[45] S. J. Steinbrenner. [34] J. Thompson. W. Reno. Z. van Dam. July 1990. H. The Forum on CFD for Design and Optimization. Springer-Verlag. Young. A.R. Reuther and A. Numerical Grid Generation. Salas.A-Warsi. von Karman Institute for Fluid Dynamics. [44] J. Airfoil design via control theory using the full-potential and Euler equations. [47] D. 33rd Aerospace Sciences Meeting and Exhibit. Jameson. R. California.32nd Aerospace Sciences Meeting and Exhibit. AIAA paper 92-0025. Ohio.T. 1994. [39] J.[33] J. Optimum Design Methods in Aerodynamics.G. Optimal Shape Design for Elliptic Systems. Nevada. Aerodynamic de- sign and optimization in one shot. 1985. Hampton.B. Johnson. W. Agarwal. In AGARD-VKI Lecture Series. L. [42] J. [41 ] J. Translated by S. (IMECE 95). Hilmes. Lewis and R. C. R. Newman. Chawner. Langley Research Center.1992. Huffman. multidisciplinary design incorporating advanced CFD codes. 29:297-298.P. New York. Technical report. C. Control theory based airfoil design for potential flow and a finite volume discretization. Lions. D. Optimal Control of Systems Governed by Partial Differential Equations. Technical report. Ta'asan. A.L. [35] P. Reuther. and M. California. Practical design optimization of wing/body configurations using the Euler equations.U. Kttfuvila. Mitter. Foundations and Applications. and C. San Francisco. A1AA paper 94-0499. Wright Research and Development Center. (IMECE 95). Mastin. Jameson. 1984. Springer-Verlag. The GRIDGEN 3D multiple block grid generation system. [40] J. AIAA paper 94-4286. September 1995. 1971. [43] J. New York. 5th AIAA/US AF/NAS A/ISSMO Symposium on Multidisciplinary Analysis and Optimization. New York. [37] O. Reuther and A. and F. November 1995. November 1995. Reno. January 1994. January 1992. Wright-Patterson Air Force Base. Reuther and A. Supersonic wing and wing-body shape optimization using an adjoint formulation. 11 . Observations on computational methodologies for use in large-scale gradient-based. [36] O. AIM paper 92-2633. Nevada. G. Technical report. Flight Dynamics Laboratory.W.F. Subsonic and transonic low-Reynolds-number airfoils with reduced pitching moments. [46] J. E. Florida. NASA TM104206. A comparison of design variables for control theory based airfoil optimization. Pironneau. Aerodynamic shape optimization of wing and wing-body configurations using control theory. and C.P.K. Nevada. Taylor HI. and C. C. January 1995.L. Journal of Aircraft. Jameson. van Dam. Hicks.1992. Inexactness and global convergence in design optimization. G.P. and R. 6th International Symposium on Computational Fluid Dynamics. S.P. The Forum on CFD for Design and Optimization. M. Fouts. Reuther. Pironneau. Nevada. Optimal shape design for aerodynamics. and V. Jameson. Technical report. Panama City. February 1992. Elsevier Science Publishing Company. Reno. Reuther and A. AIAA paper 95-0123. 30th Aerospace Sciences Meeting and Exhibit. San Francisco. Hicks. NY. M. [38] J. Cliff. Jones. VA.P. Bieterman. Lake Tahoe. Melvin. September 1994. Korivi. Hou.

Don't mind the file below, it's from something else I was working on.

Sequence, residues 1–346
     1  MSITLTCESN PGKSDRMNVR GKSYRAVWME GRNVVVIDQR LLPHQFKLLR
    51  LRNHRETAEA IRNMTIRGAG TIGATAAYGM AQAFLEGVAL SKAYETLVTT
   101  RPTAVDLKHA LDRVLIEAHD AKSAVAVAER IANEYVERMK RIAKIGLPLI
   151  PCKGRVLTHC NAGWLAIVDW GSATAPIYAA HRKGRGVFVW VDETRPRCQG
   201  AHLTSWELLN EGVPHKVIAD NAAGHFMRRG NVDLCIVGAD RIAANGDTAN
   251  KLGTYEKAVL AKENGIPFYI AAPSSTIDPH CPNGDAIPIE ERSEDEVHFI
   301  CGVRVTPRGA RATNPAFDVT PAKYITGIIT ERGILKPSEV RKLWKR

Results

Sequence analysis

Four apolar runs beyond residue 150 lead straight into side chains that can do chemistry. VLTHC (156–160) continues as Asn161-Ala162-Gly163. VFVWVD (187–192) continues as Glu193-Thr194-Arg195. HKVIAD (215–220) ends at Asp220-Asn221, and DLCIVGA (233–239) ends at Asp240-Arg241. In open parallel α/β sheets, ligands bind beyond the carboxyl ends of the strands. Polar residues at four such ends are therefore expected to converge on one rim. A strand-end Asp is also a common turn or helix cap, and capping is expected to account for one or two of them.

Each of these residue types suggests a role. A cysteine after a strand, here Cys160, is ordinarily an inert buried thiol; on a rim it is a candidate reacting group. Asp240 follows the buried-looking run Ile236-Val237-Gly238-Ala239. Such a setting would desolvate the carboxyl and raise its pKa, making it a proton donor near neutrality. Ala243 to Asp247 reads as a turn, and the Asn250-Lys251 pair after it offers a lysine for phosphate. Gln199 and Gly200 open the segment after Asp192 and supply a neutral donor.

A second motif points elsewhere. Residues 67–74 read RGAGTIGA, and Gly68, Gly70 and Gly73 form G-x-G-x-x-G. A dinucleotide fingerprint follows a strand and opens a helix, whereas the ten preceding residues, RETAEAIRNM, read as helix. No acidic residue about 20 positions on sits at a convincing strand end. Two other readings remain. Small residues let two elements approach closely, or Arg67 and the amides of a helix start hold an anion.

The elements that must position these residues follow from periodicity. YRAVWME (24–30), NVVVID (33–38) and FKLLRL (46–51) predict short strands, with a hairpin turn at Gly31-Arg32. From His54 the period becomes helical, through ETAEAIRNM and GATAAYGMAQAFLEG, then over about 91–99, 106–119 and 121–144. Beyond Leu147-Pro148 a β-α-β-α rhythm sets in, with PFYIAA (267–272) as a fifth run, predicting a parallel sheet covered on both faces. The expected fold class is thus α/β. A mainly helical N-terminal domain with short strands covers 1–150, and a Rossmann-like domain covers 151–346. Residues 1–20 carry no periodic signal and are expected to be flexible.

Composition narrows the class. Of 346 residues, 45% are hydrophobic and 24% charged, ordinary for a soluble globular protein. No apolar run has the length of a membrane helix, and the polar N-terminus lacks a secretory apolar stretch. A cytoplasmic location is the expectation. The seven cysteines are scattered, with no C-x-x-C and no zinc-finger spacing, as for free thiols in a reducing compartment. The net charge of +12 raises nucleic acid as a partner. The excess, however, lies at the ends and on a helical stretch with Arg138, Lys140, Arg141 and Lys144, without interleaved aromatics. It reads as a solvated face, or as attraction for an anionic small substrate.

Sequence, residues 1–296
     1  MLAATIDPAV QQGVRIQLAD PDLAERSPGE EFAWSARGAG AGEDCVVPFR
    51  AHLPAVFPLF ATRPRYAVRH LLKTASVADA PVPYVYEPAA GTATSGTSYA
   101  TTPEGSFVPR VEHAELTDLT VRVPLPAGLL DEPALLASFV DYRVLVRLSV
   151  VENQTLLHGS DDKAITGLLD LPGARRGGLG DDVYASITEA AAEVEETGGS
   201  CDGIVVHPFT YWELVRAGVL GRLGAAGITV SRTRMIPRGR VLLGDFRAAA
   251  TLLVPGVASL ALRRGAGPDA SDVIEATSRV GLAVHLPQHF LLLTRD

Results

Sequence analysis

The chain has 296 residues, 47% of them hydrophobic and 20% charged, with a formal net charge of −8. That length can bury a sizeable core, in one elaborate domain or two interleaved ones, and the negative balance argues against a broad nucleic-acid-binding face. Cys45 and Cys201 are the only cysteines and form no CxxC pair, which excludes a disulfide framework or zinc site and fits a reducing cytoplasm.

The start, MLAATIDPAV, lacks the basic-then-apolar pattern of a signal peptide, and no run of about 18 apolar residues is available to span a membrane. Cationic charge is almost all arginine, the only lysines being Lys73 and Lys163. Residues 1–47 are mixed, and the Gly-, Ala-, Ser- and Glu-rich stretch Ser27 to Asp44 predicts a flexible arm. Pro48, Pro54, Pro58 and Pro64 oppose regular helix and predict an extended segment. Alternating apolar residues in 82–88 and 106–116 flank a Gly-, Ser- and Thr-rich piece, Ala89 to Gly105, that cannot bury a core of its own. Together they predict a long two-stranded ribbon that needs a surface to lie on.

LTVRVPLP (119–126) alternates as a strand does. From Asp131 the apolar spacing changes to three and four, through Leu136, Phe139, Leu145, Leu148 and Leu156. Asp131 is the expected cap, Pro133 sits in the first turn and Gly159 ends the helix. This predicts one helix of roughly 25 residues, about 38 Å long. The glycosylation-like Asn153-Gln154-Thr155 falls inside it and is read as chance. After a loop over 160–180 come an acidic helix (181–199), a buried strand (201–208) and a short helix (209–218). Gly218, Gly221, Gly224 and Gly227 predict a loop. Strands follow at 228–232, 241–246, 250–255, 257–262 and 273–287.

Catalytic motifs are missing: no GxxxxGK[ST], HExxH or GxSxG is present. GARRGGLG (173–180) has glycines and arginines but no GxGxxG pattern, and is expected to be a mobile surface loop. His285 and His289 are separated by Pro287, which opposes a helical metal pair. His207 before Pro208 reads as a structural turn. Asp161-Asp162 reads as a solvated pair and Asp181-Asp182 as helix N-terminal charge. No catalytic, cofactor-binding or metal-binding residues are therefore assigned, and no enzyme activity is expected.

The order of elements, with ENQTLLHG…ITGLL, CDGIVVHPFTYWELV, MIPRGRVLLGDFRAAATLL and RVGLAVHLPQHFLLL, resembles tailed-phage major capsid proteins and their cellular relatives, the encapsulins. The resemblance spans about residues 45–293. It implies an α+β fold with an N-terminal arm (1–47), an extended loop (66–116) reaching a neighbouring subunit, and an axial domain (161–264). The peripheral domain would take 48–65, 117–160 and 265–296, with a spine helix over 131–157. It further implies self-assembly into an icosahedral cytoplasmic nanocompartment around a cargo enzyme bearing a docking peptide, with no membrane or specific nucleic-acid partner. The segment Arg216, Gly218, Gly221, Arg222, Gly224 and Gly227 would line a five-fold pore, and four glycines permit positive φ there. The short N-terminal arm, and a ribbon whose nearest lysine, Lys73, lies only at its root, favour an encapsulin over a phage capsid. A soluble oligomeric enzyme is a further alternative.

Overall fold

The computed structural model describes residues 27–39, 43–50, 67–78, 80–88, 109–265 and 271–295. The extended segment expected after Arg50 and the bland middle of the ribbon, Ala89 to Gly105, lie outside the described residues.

Block II Center Block in Center Block IV Center Solid Boundary Block I Including Double Halo Block I Center Figure 1: 4 Block interface using a double halo of cells around each block. 12 . Each block's double halo of cells contains information from internal cells in adjacent blocks.

30 Figure 2: Initial flow solution for wing-body-nacelle geometry.80 . Surface colored by Mach number.750 k mesh points . Figure 3: Initial flow solution showing block boundaries as dark lines and contours colored by Mach number.Mach=0.SYN87-MB Solution on a typical business jet 72 Blocks.CL=0. .

0 -00 4. Finite Differences Design Variables Span the Upper Surface at a Span Staion of 0.--€>-- Finite Difference Gradient Adjoint Gradient 20.44 Beginning at the Leading Edge and Ending at The Trailing Edge 14 . 1 2 3 4 5 6 7 8 9 10 11 12 13 14 15 16 17 18 19 20 21 22 23 24 Variable Figure 4: Comparison of Gradients for 24 Discrete Design Variables Adjoint vs.

Target Pressures —.c: 5a: span station z = 0.312 Sc: span station z = 0.559 5d: span station z = 0. M = 0.764 Figure 5: SYN87-MB Inverse Target Pressure Design. 15 .8 250 Hicks-Henne variables. Initial Pressures. *. 750 K mesh cells.125 5b: span station z = 0. 72 Block Mesh.

72 Block Mesh.125 6b: span station z = 0. 750 K mesh cells.764 Figure 6: SYN87-MB Inverse Target Pressure Design.6a: span station z = 0. M = 0. Target Pressures —.312 6c: span station z = 0.8 250 Hicks-Henna variables. 16 . *.559 6d: span station z = 0. Design Pressures After 12 Design Cycles.

. 72 Block Mesh.7a: span station z = 0.3 105 Hicks-Henne variables.764 Figure?: SYN87-MB. M = 0.-.559 7d: span station z = 0.125 7b: span station z = 0. CL = 0. 750 K mesh cells.82. . 17 . Fixed Lift Drag Minimization. Initial Pressures —.312 7c: span station z = 0. Pressures After 6 Design Cycles.

Inc. Fig. American Institute of Aeronautics and Astronautics. 2 .Copyright ©1996.

Inc.Copyright ©1996. American Institute of Aeronautics and Astronautics. Fig. 3 .